This season, the Chicago Symphony Orchestra Association pays tribute to the 60th anniversary of the Chicago Symphony Chorus. This splendid ensemble has become such a vital part of this city’s musical life that it is hard to believe the orchestra gave concerts for more than 60 years without it.

Duain Wolfe | Todd Rosenberg Photography

Almost as soon as the orchestra’s founder, Theodore Thomas, settled in as music director in 1891, he began campaigning for a permanent ensemble to perform great landmarks of choral music. His dream at last became a reality in 1957, when music director Fritz Reiner persuaded Margaret Hillis, then director of the New York Concert Choir, to put together a chorus to perform with the orchestra, forming the ensemble as we know it today.

The public debut of the Chicago Symphony Chorus in March 1958 coincided with the final Chicago appearance of the legendary conductor Bruno Walter, who had chosen Mozart’s Requiem as his swan song. By the time the chorus sang again a few weeks later, in Verdi’s Requiem under Reiner, the press and the public recognized it as an ideal match for the Chicago Symphony Orchestra in its precision, pure intonation, beauty of tone and vocal splendor.

After Hillis retired in 1994, Duain Wolfe was appointed director of the chorus following a long international search, and his name has since become synonymous with the ensemble, as he has retained the qualities that made it famous, further extended its range and made it his own.

Over the years, the chorus has developed a reputation and a following far beyond Orchestra Hall. It has appeared with the orchestra in Carnegie Hall and at the London Proms, the Berlin Fesstage and the Salzburg Festival. Under Reiner in 1959, the chorus made the first of many classic recordings, including Prokofiev’s Alexander Nevsky, still in the catalog more than half a century later. It has since recorded not only the great choral masterworks, but also complete operas, including Verdi’s Otello on CSO Resound, conducted by Riccardo Muti. The chorus has received 10 Grammy Awards for Best Choral Performance, most recently for Verdi’s Requiem, led by Muti.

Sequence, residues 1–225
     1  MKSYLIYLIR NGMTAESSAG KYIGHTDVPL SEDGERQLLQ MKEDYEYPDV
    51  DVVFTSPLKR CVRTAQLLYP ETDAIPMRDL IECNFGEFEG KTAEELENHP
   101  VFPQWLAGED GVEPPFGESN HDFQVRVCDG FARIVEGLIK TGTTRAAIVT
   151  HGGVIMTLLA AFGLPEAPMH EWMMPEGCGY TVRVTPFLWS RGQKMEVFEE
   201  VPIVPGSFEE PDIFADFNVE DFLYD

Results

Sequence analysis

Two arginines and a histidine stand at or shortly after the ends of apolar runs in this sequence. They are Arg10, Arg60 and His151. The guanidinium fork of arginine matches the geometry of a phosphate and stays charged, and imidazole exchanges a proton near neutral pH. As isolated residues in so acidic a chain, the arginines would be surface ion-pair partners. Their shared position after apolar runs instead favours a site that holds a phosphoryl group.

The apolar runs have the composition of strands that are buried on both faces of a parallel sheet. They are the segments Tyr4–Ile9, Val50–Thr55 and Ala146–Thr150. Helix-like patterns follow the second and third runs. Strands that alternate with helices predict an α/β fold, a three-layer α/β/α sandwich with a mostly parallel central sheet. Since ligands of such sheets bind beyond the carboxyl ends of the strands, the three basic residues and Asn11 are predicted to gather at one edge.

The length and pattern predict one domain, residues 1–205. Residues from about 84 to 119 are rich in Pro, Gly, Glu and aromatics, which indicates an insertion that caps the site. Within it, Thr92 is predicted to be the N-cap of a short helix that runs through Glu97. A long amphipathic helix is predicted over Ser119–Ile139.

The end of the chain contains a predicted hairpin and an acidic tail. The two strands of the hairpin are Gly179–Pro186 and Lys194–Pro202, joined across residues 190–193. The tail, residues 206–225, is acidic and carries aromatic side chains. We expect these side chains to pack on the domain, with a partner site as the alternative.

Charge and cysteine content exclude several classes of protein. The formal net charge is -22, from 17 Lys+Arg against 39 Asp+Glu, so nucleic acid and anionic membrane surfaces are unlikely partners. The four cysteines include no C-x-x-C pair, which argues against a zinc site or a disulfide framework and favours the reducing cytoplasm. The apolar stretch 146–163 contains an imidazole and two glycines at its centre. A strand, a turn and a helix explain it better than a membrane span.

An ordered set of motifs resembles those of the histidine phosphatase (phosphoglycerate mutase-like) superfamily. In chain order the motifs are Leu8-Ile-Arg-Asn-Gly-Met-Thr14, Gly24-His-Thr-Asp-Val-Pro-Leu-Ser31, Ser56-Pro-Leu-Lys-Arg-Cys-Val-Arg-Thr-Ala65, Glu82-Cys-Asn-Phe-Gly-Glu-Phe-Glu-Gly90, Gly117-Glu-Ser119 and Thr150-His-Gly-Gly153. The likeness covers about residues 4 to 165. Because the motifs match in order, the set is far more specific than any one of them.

This season, the Chicago Symphony Chorus focuses on two important choral works long absent from the orchestra’s repertoire: Schubert’s magisterial Mass in E-Flat (March 22-24) and Rossini’s impassioned Stabat mater (June 21-24), composed after he retired from writing for the stage, both under Muti’s baton. Early in October, the chorus tackles a celebrated work that has never before appeared on the CSO’s programs: Gounod’s St. Cecilia Mass (Oct. 5-7), a homage to the patron saint of music.

Phillip Huscher is the program annotator of the Chicago Symphony Orchestra.